The Salisbury and Fort Victoria columns moved off and joined together at Intaba Zimbi (Iron Mine Hill), 16 October. They were attacked on the Shangani River, 24 October, and on the Mbembesi (M'Bembezu), 1 November. It transpired later that Lobengula had sent envoys to try to secure peace but, by mistake, they had been shot at Tati on or about 23 October, so the advance to Bulawayo was undertaken with the object of capturing Lobengula who had fled by the time his village was entered, 4 November. Messages were sent offering him safe conduct, but as no answer was received, on the 14th a force under Major Forbes was sent to capture him. On 3 December, it reached Shangani River and a small party of about 30 men under Major Alan Wilson crossed to arrest him.

Whilst these men were on the other bank, the river rose rapidly in flood, cutting them off. Here they were attacked by an overwhelming force of Matabeles, against whom they made their epic stand.

The Matabele chiefs eventually surrendered, 14 January, and Lobengula died of fever on the 23 January.

Nolan was the only Officer of the regiment present and was joined by Sergeant A. W. S. Donald and Lance Corporal J. Firm for the campaign. A total of 88 Medals were awarded to Imperial troops.

He was appointed to Paymaster with the Army Pay Department on 30 October 1897 and was allowed to take this Substantive rank on this appointment. He became the Staff Paymaster on 10 November 1904 and was also promoted to Substantive Major the same day. He was further given the promotion to 1st Class Assistant Accountant within the Army Accounts Department on 1 May 1905. Nolan was promoted to Substantive Lieutenant Colonel on 10 November 1909 and was given the role of 1st Class Accountant for the second time on 31 December 1909.

He remained in the United Kingdom for the duration of the Great War and was awarded a CMG on 3 June 1918 for his wartime service.

Retired from the Army in 1923 and in a civilian capacity became Director of the Fairbanks Gold Dredging Company Ltd and died on 5 March 1932 at New Park, Loughrea, Co. Galway, Ireland.
Dr David Biggins
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QSA with the British South Africa Company Medal 2 months 1 week ago #95405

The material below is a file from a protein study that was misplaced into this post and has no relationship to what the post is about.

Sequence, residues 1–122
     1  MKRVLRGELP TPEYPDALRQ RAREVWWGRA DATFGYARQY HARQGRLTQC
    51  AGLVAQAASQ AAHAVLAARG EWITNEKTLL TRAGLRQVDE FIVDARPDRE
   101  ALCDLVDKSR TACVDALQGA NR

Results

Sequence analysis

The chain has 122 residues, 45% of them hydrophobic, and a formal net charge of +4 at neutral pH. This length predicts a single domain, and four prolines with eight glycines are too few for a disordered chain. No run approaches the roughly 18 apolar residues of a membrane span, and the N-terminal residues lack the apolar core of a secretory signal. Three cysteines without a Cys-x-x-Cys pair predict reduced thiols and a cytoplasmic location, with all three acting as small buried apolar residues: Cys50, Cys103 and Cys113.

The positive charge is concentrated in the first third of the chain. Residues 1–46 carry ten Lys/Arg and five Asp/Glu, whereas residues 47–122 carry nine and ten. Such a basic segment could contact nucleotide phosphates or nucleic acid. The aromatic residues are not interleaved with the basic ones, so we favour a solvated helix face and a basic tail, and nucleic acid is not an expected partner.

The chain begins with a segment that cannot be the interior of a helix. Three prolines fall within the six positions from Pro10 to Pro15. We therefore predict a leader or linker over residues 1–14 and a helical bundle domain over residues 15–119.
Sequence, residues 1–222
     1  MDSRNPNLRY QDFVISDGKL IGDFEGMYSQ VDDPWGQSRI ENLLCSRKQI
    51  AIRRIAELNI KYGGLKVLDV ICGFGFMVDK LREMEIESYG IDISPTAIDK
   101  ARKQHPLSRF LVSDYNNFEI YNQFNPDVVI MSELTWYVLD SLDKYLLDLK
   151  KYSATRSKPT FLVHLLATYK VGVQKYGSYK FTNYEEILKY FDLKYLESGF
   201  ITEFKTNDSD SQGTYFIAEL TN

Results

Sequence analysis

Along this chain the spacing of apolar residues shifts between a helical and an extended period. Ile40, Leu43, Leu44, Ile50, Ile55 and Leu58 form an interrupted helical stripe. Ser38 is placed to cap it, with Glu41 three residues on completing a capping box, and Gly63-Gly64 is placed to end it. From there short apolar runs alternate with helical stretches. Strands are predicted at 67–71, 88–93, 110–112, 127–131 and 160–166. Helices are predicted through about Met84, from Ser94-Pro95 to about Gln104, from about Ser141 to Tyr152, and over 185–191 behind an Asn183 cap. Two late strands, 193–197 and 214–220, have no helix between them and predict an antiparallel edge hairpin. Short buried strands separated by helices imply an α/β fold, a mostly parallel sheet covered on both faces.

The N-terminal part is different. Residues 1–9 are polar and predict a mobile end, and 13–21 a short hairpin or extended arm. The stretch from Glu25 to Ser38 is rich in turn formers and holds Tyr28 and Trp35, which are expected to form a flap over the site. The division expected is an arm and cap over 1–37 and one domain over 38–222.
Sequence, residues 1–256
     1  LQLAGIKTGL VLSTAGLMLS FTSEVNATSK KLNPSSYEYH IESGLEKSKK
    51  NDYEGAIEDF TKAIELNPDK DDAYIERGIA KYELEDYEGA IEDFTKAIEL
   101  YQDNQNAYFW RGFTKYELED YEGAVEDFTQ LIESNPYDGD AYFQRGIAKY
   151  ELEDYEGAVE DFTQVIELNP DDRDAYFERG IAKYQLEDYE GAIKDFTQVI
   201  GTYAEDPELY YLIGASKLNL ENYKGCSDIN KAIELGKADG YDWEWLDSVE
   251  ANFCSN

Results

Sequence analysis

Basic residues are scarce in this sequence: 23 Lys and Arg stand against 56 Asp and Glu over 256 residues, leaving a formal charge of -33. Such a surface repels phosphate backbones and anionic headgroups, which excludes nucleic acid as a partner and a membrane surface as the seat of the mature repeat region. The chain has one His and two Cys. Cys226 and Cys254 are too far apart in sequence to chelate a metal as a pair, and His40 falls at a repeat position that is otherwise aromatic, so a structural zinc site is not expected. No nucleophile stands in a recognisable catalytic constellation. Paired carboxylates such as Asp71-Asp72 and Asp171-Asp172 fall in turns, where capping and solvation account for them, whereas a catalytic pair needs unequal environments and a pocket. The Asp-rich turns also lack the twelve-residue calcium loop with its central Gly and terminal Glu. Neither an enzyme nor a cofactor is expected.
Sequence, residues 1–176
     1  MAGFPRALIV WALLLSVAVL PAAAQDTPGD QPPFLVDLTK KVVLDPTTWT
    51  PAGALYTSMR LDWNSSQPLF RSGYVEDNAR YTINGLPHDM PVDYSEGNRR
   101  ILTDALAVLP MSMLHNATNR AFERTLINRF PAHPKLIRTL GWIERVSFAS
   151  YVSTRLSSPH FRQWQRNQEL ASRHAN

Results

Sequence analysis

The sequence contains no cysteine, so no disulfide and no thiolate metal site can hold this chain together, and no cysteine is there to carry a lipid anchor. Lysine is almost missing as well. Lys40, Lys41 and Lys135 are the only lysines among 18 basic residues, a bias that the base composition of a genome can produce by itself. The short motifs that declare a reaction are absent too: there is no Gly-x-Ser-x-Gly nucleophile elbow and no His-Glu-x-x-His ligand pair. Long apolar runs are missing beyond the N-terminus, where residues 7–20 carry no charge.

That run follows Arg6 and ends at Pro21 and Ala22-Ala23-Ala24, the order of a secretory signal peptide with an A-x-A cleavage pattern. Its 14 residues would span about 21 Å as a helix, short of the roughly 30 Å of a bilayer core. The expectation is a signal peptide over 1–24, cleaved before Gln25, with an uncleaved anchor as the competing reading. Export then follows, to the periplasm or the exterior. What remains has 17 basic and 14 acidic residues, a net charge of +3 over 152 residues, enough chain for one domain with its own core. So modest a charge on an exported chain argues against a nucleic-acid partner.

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Picture courtesy of Semley Auctioneers

Described as:

The collection of Thomas William Glover (1858-1950) - a rare South Africa campaign group of three medals awarded to Thomas William Glover, Queenstown Volunteer Contingent, British South Africa Company Police (British South Africa Police), and Army Service Corps, comprising South Africa 1877-79 Medal with 1877-8 clasp, British South Africa Company Medal (Mashonaland 1890 Medal) with three clasps (Mashonaland 1890, Matabeleland 1893 and Mashonaland 1897), and Queen's South Africa Medal with Transvaal clasp, all with ribbons, the South Africa 1877-79 Medal named to 'PTE. W.T. GLOVER, QUEENSTOWN VOL: CONTGT.', the British South Africa Company Medal named to 'TPR. T.W. GLOVER, B.S.A.C.P.', the Queen's South Africa medal named to 'CONDUCTOR T.W. GLOVER', all with ribbons (3). Footnote - it is cited that only 15 men qualified for the B.S.A.C.P. Medal with three clasps although sometimes this tally is quoted as just 12 (see Edward C Joslin, ‘Observer Book of British Awards and Medals’, page 120, published by Frederick Warne & Co, 1973).



Dr David Biggins
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QSA with the British South Africa Company Medal 2 months 1 week ago #95406

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The previous lot in the Semley Auctioneers's sale are the papers for Thomas Glover


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Described as: